non-inverter rated motors on a VFD
So for a general use application that would be in use 1-3 hrs a week, how does a non- inverter rated motor hold up? We have always used dual voltage motors and ran at the lower voltage for extra insulation protection but not sure if this reduces life drastically?? One of our old mill ran with a non-inverter motor from the OEM. That was a Tree machine.
Every one of the four machine tools I've run off VFDs in my home shop have had non-inverter duty motors. The one on the Bridgport M head was probably 50 years old. I've never had an issue, and I do not baby my machines. I've also run several non-inverter-duty motors off VFDs at work, with true three-phase input. Again, never a problem. I wouldn't worry about it unless you were trying to drive a 200-HP motor from 1928.
I run three machines with VFDs with no problems. They all have POMs (Plain Old Motors) that were built before VFDs were invented.
The main concern is heat. The motor can over-heat at either end of the speed range, for a variety of reasons.
I would suggest using a remote-reading infrared thermometer or a hard-wired sensor with a remote display to monitor the motor temperature when operating at normal 60 Hz line frequency and moderate load. Use that as a baseline.
Monitor the temperature in use with the VFD, and discontinue operation if it exceeds your baseline value. This should be safe under all conditions.
At 240 volts, they seem to run forever ... as long as you address the heat issue that Leigh mentioned. Most every newer motor is wound with insulation rated for 600v, so even the high voltage spikes are within that range.
how does a non- inverter rated motor hold up?
What RK and Leigh said...
Vipe- I'll say what RK and Leigh said.
From a purist-scientist standpoint, there's all sorts of high-frequency EMF voltage multiplication/insulation breakdown nightmare consequence ramifications, but in the true scheme of things, you'll be hard-pressed to ever get to that.
EVERY machine I have running on a VFD... has a standard motor.
Leigh's point about heat is really the foremost issue- when you have a motor with internal cooling fan, that fan moves a certain amount of air across the motor. When you slow the fan down, the fan's output is not necessarily linear... but one can guarantee that it's moving LESS air than at full speed. The motor, however, may be generating a whole lotta power, hence, there'll be plenty of waste heat to shed.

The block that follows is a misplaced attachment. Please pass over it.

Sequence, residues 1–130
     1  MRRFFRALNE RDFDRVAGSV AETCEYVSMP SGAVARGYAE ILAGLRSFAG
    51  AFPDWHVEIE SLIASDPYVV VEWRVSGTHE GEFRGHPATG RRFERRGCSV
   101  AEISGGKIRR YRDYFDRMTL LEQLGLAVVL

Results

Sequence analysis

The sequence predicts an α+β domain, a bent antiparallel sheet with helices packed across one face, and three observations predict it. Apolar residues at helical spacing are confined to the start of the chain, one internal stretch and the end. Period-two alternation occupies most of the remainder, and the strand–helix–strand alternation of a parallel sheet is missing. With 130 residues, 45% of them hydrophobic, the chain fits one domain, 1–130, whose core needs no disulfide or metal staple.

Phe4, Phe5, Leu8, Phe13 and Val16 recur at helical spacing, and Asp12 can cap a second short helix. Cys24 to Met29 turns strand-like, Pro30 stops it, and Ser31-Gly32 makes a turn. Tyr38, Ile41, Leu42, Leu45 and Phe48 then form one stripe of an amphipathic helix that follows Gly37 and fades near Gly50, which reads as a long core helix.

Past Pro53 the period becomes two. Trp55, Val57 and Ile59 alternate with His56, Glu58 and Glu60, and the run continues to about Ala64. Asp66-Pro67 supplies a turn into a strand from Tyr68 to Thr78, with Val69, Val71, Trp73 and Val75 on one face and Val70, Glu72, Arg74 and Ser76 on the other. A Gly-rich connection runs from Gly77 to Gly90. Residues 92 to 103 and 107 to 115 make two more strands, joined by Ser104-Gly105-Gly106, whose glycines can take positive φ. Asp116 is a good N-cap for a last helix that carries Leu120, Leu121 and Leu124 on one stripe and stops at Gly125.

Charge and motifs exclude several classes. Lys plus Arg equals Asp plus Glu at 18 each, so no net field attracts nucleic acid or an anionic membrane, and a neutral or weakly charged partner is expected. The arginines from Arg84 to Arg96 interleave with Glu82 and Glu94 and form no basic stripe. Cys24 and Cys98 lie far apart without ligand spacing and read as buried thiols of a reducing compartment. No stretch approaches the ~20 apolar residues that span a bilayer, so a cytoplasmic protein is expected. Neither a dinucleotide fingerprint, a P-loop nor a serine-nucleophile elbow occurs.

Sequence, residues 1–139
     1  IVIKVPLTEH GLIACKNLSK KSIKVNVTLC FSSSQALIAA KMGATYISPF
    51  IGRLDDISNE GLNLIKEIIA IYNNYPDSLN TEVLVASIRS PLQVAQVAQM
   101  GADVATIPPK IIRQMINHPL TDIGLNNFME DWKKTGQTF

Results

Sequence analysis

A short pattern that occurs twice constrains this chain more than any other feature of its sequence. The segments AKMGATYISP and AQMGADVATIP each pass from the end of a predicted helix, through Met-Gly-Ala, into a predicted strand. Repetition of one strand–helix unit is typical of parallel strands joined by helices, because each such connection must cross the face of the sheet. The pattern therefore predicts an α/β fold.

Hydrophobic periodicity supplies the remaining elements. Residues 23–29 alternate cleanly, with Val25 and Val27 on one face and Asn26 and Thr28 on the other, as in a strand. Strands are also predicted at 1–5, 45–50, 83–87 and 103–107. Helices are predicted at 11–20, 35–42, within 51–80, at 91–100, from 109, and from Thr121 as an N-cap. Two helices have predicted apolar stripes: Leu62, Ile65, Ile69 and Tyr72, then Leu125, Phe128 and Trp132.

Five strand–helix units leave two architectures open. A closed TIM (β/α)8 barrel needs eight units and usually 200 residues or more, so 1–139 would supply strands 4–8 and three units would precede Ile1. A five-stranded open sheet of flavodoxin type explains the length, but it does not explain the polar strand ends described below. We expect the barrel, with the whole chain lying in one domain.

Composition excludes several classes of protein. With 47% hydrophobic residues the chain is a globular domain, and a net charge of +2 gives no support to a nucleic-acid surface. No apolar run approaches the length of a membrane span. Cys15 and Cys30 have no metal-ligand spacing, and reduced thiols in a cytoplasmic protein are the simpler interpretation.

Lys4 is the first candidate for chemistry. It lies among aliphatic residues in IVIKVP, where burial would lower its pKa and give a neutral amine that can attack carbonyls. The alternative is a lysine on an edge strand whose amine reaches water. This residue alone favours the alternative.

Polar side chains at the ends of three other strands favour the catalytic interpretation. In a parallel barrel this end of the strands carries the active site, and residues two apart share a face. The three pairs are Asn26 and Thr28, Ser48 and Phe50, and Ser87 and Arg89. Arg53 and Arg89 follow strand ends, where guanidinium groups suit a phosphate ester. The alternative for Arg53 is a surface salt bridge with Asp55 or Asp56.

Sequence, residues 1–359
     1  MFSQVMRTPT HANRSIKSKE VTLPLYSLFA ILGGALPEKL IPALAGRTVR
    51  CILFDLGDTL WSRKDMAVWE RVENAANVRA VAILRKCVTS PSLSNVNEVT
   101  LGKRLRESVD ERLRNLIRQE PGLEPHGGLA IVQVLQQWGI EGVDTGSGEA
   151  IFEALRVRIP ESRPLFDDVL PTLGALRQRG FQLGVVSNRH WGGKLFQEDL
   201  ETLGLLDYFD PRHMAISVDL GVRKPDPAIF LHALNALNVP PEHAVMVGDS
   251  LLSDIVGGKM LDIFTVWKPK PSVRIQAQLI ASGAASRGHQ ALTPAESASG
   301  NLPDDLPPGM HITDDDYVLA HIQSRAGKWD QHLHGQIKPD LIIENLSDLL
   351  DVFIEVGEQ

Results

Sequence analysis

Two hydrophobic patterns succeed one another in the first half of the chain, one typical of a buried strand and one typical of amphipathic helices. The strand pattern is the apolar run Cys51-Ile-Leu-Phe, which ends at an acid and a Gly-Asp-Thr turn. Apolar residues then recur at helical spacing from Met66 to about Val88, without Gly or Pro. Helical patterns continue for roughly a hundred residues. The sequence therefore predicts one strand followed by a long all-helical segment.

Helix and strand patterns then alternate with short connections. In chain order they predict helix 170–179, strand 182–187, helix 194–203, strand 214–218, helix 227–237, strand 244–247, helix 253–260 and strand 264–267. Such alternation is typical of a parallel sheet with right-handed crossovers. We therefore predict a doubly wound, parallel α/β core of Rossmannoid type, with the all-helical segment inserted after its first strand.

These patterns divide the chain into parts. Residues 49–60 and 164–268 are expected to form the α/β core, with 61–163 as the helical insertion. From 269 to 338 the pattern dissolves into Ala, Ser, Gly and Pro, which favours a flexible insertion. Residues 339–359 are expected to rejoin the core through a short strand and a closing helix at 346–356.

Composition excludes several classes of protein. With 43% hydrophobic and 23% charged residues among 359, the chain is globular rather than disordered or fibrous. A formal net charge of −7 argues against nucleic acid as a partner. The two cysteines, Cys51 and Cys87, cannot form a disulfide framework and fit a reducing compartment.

My favorite solution (and a common one, too) is to yank the mechanical fan, and install a constant-speed 'muffin' fan on the shroud... that way, regardless of motor speed, the airflow will be continuous, and plentiful. The motor will be happy at 100rpm, or 6,000rpm.
Of all the studies that I could find, none of them showed a increase in failures for 230 volt legacy motors powered by a VFD. One rather large study actually showed fewer failures for the VFD powered legacy motors.
Originally Posted by Pierce Butler
I'm inclined to believe that's because the VFD isolates the motor from voltage spikes on the AC supply lines.
In an industrial area those spikes can be quite high in both voltage and energy, causing damage to the motor insulation.
The DC bus in the drive on a 230V feed is only 340Volts - not enough to damage the insulation, especially when the longest motor leads are typically less than 25 feet and not likely to cause ringing.
The problem is when you run a 480V derived DC bus at 680Volts and then run motor cables 100 feet long - you get voltage ringing to 1500 Volts which causes insulation break down in the windings. I guarantee you that in these conditions, the motor will fry unless it has Inverter Spike Resistant Wire which is rated at 2000 Volts minimum.
Most "POM" have 600 - 1000 volt rated insulation, even the 240V motors - that is why you typically never see inverter caused motor insulation failures in older motors.
If you have any concerns about this - simply buy a load reactor and put it between the drive and the motor, this will knock down the harmonics / ringing / voltage spikes and the motor will run cooler.
Now that's what I'd call a cooling fan
Thanks for those part numbers, Leigh. The Orion fans look much more robust than the others I've seen.
Thanks for the replies guys and I agree totally with the constant speed fan. All my mill motors have that and I take that as a huge concern for motors that can be fully loaded at lower rpm. I think any motor that runs on a VFD should do that mod. Just makes sense.
We will move ahead with a non-inverter motor since everyone has confirmed my findings. Thanks
A simple muffin fan can be fitted to most motor end bells via the long screws that
hold the motor together. A (large) picture:
Old motors hold up because when they were made, doing the insulating right was considered important, and the people doing the work were good at it. The windings were tied and varnished , and the standards were higher.
These days, they figure they can hardly afford to slap it together any which way, let alone be careful, due to chinese competition.
Doing the between-phase insulation right is very, very important for longevity of the motor in VFD service.